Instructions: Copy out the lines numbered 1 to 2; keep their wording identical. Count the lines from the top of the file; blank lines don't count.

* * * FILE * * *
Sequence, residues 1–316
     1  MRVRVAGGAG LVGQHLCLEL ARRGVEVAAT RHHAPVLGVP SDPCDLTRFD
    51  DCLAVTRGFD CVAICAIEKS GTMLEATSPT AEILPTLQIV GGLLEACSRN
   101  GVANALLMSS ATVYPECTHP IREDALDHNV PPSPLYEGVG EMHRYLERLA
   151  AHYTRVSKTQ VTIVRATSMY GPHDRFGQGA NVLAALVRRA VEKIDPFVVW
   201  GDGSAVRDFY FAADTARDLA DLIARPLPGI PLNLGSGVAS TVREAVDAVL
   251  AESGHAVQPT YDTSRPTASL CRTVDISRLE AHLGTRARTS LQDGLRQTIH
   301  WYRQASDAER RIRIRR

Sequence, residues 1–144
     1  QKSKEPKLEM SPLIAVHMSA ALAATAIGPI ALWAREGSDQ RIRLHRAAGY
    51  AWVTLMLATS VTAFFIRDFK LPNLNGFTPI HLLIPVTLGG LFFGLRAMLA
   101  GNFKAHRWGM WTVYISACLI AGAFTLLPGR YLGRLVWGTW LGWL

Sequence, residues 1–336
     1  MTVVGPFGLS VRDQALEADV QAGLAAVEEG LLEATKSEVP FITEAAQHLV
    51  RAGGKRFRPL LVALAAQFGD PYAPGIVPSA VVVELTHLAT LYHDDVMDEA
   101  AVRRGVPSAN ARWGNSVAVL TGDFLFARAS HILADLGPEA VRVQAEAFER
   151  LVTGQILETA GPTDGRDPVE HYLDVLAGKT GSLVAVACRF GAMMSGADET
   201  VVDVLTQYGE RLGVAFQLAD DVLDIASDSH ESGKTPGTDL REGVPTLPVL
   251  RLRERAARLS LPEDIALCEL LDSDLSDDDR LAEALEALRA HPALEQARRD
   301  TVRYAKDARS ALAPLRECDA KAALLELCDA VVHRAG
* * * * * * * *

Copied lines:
Sequence, residues 1–316
     1  MRVRVAGGAG LVGQHLCLEL ARRGVEVAAT RHHAPVLGVP SDPCDLTRFD